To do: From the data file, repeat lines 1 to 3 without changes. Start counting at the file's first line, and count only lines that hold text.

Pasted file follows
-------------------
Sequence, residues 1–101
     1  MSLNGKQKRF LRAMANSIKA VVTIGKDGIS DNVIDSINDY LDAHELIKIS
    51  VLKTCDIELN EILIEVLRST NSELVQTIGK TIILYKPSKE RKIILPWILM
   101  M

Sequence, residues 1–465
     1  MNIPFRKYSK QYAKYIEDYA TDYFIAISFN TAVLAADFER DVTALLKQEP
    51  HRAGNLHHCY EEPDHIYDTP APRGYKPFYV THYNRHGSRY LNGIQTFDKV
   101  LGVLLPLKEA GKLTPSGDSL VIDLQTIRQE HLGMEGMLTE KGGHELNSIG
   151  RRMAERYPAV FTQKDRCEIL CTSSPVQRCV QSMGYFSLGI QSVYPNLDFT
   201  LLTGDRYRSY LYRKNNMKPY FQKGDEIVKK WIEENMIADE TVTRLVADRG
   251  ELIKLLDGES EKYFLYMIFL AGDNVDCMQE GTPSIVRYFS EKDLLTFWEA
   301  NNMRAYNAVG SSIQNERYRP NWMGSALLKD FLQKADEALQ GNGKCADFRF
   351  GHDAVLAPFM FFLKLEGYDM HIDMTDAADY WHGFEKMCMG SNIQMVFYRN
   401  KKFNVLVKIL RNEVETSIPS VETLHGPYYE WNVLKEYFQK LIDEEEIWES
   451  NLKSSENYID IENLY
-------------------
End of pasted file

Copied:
Sequence, residues 1–101
     1  MSLNGKQKRF LRAMANSIKA VVTIGKDGIS DNVIDSINDY LDAHELIKIS
    51  VLKTCDIELN EILIEVLRST NSELVQTIGK TIILYKPSKE RKIILPWILM